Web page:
Geometric Algorithms

Contact: Marc van Kreveld

We live in a three-dimensional world. Not surprisingly therefore, in many domains of computer science it is necessary to store, analyze, and create or manipulate spatial data. These domains have their own characteristics, but they also share many underlying concepts and there are several techniques that are applicable in a number of different domains. The field of computational geometry studies these fundamental concepts and techniques. It is an exciting field that combines clever algorithmic techniques and beautiful geometric structures to obtain general techniques for the efficient storage and processing of spatial data. Implementation issues related to geometric computing, for instance how to deal with the finite precision in actual implementations, and how to handle degenerate configurations, play an increasingly important role.

We perform fundamental research on computational geometry, but we also apply tools from this field to develop geometric algorithms and data structures for various application areas. For instance, we have ample experience in solving algorithmic problems arising in Geographic Information Systems (GIS), such as map generalization and label placement. In the area of robotics we work on manufacturing problems, robot path planning, and collision avoidance. In all these areas, the geometric problems are solved in a rigorous way, resulting in solutions with provable properties and guaranteed efficiency.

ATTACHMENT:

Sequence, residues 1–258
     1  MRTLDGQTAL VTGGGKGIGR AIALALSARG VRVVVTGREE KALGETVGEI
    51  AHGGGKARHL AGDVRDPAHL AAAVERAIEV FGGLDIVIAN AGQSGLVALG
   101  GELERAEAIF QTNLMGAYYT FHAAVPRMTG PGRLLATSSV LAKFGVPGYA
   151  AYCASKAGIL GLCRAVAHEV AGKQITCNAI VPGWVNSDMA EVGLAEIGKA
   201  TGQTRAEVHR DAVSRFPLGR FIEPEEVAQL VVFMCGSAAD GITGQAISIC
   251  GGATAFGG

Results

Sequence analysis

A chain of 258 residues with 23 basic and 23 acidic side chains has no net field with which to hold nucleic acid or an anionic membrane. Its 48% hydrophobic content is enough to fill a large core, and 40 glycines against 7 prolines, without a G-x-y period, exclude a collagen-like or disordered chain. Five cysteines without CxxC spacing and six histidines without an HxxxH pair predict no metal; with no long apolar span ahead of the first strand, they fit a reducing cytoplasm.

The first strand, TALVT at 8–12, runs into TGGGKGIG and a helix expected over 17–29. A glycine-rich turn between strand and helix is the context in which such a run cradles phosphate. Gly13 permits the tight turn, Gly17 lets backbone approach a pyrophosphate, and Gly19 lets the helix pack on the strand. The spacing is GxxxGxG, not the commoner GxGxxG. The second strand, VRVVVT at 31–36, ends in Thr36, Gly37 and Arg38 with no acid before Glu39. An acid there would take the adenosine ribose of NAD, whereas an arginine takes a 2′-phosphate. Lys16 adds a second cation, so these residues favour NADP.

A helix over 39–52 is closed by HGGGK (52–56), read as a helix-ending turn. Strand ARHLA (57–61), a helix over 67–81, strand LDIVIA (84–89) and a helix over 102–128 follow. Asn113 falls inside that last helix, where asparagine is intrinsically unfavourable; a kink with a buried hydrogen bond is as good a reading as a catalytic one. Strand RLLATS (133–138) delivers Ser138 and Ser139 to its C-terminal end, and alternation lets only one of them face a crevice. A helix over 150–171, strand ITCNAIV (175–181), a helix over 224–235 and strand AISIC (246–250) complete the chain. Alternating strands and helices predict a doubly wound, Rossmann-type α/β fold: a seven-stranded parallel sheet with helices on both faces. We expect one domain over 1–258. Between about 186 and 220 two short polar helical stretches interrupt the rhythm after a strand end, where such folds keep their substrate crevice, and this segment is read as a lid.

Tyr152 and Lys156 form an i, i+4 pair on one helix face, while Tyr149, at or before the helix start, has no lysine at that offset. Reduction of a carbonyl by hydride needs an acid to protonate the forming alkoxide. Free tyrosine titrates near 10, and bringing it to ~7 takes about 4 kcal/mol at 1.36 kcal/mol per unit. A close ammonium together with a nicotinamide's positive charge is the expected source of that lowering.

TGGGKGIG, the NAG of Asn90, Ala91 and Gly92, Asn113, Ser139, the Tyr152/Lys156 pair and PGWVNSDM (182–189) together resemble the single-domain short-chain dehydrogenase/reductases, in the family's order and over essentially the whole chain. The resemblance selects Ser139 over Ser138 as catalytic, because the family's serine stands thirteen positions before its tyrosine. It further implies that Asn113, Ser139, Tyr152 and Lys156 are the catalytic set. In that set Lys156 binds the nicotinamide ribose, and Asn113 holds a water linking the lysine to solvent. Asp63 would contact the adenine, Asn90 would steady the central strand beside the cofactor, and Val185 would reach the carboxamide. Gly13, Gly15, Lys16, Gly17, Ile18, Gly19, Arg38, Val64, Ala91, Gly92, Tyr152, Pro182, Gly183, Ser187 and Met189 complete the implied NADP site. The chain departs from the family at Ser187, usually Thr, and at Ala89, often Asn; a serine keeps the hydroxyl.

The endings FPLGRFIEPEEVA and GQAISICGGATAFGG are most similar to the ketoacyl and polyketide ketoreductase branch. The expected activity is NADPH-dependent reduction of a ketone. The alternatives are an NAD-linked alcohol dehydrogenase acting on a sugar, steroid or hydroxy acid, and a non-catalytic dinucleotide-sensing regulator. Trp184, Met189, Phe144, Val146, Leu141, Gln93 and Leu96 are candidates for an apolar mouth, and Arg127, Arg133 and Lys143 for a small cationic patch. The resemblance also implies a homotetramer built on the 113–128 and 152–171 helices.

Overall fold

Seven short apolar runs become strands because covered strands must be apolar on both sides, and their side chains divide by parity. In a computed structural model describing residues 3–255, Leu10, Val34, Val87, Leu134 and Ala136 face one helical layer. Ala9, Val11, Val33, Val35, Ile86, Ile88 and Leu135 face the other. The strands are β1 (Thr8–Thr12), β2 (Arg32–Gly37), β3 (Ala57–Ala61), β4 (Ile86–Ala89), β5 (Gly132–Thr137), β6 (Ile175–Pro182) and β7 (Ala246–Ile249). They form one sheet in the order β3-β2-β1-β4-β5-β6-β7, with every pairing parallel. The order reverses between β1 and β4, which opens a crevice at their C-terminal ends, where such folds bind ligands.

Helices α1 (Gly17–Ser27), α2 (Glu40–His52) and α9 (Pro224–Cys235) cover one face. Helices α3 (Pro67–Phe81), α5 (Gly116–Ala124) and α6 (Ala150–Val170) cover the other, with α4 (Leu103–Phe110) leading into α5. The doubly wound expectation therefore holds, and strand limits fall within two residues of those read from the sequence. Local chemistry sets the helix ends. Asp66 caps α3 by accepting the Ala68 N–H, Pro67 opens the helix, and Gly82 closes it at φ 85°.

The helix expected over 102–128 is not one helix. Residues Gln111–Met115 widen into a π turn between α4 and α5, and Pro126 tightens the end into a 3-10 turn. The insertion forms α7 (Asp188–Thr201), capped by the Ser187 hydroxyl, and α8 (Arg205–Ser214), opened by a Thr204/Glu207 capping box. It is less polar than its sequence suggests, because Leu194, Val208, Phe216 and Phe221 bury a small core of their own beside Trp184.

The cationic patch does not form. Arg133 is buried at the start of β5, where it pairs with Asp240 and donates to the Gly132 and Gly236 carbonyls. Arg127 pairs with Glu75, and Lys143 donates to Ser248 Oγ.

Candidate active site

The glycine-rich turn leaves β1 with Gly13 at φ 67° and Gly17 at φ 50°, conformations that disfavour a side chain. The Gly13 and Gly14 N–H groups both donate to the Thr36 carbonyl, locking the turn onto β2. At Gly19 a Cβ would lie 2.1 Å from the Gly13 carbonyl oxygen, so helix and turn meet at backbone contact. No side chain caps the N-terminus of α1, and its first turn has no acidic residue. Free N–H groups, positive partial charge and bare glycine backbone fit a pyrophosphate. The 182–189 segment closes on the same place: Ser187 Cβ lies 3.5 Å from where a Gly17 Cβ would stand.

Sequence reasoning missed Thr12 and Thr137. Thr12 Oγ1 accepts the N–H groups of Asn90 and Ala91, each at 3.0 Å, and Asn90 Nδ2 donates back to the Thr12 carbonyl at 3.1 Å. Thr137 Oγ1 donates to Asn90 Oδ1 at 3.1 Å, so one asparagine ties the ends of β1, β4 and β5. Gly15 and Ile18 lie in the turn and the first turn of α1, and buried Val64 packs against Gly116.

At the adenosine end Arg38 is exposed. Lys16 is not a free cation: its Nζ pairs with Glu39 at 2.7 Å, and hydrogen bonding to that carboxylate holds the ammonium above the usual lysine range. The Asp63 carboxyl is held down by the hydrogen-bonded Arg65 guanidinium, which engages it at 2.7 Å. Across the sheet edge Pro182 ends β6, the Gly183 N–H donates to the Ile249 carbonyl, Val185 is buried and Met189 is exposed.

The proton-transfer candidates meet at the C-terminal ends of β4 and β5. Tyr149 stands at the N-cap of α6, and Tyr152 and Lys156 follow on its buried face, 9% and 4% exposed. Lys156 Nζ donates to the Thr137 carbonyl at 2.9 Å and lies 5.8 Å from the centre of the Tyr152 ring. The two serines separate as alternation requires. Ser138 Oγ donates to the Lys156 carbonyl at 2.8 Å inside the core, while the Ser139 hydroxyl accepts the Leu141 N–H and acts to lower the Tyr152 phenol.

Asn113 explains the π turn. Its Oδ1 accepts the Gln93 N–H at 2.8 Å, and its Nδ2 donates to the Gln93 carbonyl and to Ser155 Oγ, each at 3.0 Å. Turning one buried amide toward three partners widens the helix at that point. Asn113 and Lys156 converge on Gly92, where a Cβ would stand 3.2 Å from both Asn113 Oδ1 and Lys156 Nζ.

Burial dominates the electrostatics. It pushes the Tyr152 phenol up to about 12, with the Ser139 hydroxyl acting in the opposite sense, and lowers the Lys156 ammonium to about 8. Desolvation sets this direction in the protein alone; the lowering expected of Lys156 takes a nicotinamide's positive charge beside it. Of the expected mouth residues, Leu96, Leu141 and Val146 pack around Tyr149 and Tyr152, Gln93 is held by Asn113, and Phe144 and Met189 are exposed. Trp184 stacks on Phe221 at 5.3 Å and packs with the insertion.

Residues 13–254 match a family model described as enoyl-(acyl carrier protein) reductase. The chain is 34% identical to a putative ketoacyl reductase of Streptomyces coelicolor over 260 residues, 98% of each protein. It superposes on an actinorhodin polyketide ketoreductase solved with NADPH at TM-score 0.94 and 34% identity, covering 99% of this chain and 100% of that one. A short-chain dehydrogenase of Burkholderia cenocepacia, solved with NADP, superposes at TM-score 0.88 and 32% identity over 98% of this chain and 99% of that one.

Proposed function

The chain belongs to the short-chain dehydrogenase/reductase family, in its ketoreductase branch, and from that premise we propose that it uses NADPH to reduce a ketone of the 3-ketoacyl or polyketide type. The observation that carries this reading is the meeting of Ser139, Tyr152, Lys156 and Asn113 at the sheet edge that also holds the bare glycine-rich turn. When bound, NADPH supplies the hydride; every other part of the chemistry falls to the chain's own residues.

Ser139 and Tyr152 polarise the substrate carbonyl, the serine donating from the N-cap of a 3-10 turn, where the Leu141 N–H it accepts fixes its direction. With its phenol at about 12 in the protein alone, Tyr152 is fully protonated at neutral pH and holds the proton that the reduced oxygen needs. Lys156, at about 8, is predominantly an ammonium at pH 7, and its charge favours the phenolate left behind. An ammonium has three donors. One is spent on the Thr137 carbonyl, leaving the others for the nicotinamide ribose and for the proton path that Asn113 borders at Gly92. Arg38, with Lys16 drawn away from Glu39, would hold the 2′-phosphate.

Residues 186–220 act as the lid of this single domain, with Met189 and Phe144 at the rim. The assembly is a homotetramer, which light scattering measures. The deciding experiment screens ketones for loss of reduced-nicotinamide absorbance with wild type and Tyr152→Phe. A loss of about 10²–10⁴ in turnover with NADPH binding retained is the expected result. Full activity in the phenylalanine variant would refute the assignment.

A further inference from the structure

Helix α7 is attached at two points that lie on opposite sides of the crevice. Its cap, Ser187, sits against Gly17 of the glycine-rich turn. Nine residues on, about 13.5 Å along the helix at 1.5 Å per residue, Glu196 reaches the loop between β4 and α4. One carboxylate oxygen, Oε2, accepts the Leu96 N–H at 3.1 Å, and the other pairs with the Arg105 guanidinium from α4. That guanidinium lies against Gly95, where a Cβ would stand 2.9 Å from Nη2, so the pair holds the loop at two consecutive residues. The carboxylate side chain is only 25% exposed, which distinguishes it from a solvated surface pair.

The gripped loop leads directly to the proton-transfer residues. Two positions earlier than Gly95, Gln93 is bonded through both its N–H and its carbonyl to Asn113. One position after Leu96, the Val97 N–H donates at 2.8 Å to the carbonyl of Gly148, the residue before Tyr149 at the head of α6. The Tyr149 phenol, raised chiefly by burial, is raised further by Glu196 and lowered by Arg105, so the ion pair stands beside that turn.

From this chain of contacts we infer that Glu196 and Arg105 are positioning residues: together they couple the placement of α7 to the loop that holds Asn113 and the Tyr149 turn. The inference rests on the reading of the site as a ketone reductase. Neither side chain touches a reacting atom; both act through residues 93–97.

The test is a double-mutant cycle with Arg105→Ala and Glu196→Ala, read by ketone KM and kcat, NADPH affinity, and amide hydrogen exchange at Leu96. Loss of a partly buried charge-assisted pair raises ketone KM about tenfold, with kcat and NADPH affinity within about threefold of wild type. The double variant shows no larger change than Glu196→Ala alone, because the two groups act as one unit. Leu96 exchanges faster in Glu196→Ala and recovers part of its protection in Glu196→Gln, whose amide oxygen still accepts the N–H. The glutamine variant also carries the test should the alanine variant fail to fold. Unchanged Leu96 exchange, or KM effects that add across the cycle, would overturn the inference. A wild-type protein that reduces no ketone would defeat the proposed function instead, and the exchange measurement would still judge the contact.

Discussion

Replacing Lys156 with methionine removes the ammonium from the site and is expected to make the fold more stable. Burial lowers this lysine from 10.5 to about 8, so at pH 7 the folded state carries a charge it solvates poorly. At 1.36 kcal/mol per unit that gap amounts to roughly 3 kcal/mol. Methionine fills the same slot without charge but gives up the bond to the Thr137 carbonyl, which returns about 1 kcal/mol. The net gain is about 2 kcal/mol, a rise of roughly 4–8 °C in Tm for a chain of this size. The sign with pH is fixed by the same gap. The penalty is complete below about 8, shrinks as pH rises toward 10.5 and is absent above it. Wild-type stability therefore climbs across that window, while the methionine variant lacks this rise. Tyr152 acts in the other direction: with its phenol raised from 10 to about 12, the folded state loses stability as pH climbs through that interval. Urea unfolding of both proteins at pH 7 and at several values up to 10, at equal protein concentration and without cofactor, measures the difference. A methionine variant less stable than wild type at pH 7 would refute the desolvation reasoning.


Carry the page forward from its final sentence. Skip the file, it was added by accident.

The research in the group focuses on the following topics:

Computational Geometry
Computational geometry is the area within algorithms research dealing with geometric problems. Our research group has a long-standing tradition in this area, and is one of the largest groups in the world working on it. We study both `pure' computational-geometry problems, as well as fundamental aspects of problems arising in application areas. Although our work in the latter category is fundamental, we keep the applications in mind. For instance, we try to formalize and use the characteristics of the geometry in the application in the analysis of our solutions. This should lead to algorithms and data structures that are provably efficient in practical situations.

Automated Cartography and GIS
In Geographic Information Systems (GIS) a lot of cartographic and geographic data is available in geometric form. These systems store highly detailed information so that large-scale topographic maps can be produced with high quality. However, from this data it should also be possible to produce maps at smaller scales, which requires cartographic generalization. This is a geometric transformation that can be automated using sophisticated methods. Other cartographic tasks that can be automated are text placement and statistical mapping. Animated and interactive maps offer even more possibilities for visualization. In GIS our research focuses on geographic information retrieval.

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